When history professor Charles B. Keeney committed to help preserve an important West Virginia landmark, the decision had implications for his job and his privacy; he knew the activism could take a toll in the long term. All of this is recounted in his memoir, The Road to Blair Mountain.
Blair Mountain was the site of a deadly 1921 showdown. Thousands of union coal miners marched south from the state capitol to help imprisoned, striking miners and their starving families. They were greeted by local police with machine guns. It was the largest labor uprising in American history—Keeney dubs it “labor’s Gettysburg”—but is now near forgotten because industrialists, politicians, and the mine guard system controlled the historical narrative.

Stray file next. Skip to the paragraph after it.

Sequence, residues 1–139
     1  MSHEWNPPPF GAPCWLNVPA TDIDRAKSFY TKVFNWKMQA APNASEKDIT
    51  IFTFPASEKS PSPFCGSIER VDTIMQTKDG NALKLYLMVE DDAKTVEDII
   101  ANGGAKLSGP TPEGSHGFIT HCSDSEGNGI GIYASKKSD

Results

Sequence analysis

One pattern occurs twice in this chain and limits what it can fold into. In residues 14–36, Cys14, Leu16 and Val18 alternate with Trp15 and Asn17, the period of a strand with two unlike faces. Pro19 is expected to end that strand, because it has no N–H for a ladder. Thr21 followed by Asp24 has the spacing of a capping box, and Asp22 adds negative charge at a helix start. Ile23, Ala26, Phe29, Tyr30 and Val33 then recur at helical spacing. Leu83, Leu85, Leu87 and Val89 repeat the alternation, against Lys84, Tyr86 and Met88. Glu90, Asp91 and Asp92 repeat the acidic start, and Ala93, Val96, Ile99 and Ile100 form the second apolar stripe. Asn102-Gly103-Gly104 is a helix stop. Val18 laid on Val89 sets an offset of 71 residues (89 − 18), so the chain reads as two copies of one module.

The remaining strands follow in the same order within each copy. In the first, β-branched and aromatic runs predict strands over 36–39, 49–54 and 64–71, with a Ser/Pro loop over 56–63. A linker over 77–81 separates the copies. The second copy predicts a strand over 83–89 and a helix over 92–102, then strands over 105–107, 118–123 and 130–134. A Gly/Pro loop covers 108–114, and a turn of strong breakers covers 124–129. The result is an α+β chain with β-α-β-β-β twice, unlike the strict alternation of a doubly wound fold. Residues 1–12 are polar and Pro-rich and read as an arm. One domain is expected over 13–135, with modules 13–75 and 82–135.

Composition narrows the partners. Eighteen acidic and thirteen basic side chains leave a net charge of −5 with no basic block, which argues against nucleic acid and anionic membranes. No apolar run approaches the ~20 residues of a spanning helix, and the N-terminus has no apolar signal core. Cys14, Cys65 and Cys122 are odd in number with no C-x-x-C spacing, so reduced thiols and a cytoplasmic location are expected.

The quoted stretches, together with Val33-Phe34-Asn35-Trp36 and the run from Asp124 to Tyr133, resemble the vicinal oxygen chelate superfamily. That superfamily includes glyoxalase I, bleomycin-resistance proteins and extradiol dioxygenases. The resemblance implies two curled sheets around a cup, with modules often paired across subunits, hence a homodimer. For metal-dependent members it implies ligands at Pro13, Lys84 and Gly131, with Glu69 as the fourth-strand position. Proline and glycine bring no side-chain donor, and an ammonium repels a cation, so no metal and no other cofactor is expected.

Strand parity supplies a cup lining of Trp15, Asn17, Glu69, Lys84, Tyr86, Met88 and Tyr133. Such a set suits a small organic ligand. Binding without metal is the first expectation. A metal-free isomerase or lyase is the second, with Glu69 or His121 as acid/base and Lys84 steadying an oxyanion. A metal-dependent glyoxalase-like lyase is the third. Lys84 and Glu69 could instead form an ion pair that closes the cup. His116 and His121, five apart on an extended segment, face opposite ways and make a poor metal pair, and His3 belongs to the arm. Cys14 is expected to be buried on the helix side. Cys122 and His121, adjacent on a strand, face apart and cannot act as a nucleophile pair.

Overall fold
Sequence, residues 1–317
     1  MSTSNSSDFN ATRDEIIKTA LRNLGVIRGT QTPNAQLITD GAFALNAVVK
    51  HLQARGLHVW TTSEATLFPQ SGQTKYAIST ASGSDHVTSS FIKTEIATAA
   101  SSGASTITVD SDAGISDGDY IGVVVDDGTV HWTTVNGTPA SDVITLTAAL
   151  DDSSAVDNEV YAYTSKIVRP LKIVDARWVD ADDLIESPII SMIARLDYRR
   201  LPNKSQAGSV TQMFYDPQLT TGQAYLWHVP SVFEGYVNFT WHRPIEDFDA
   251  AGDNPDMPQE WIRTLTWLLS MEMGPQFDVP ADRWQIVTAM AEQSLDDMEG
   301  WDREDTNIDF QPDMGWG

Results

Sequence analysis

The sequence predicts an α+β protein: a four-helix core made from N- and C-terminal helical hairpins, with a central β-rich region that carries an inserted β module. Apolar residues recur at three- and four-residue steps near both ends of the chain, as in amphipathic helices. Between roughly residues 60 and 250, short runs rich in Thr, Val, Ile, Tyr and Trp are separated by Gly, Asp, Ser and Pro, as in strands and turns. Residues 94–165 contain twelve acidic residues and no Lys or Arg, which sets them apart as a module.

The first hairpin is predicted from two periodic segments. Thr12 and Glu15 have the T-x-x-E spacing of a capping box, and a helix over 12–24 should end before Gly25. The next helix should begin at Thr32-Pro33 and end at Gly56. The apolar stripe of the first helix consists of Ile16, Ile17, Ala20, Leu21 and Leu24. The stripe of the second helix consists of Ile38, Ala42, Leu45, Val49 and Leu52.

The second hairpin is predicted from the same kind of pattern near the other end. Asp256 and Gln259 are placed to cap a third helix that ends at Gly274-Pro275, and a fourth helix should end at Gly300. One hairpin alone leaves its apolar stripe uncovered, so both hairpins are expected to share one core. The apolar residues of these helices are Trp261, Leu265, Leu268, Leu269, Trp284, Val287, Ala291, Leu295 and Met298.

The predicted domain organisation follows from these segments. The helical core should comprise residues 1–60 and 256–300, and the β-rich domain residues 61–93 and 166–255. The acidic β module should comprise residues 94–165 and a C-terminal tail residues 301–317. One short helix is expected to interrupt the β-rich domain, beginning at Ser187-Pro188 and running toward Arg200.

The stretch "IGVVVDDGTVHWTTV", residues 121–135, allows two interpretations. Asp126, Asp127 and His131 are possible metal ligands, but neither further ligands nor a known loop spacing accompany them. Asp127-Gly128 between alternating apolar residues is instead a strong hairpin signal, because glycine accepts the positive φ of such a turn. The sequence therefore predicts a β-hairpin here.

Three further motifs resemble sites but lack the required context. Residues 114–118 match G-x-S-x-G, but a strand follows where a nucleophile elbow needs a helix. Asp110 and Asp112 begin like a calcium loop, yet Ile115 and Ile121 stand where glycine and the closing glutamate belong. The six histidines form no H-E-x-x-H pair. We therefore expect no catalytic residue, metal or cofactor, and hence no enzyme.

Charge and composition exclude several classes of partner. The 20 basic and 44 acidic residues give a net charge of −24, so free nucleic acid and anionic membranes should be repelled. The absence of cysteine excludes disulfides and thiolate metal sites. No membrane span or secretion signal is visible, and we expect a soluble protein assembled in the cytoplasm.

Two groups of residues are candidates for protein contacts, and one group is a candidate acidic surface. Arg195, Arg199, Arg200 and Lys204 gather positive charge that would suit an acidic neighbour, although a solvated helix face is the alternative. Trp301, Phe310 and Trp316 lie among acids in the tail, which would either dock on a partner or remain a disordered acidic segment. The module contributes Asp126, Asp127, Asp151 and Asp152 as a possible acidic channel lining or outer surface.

Keeney, the great grandson of Blair Mountain battle leader Frank Keeney, names the parallels between the original labor fight and the contemporary fight to save the mountain from being mined. The book documents how Kenney’s rural, grassroots group used focused tools and strategies, as well as local and national alliances, to achieve wins against the powerful and entrenched fossil fuel industry and the political and social culture that supports it. Detailed and assured, this account serves as a guide for other small nonprofits to emulate when they’re pitted against well-financed corporate and political opponents.
Interesting sociological aspects of West Virginia culture, including its religiosity and sports, arise in the narrative alongside illuminating analyses of the subcultures of environmental activism and the planning and organization of grassroots events. In total, The Road to Blair Mountain articulates a thoughtful alternative vision for Appalachia’s future—one that supports its heritage of coal mining and labor history and also seeks a more sustainable, diverse, and decentralized economy.
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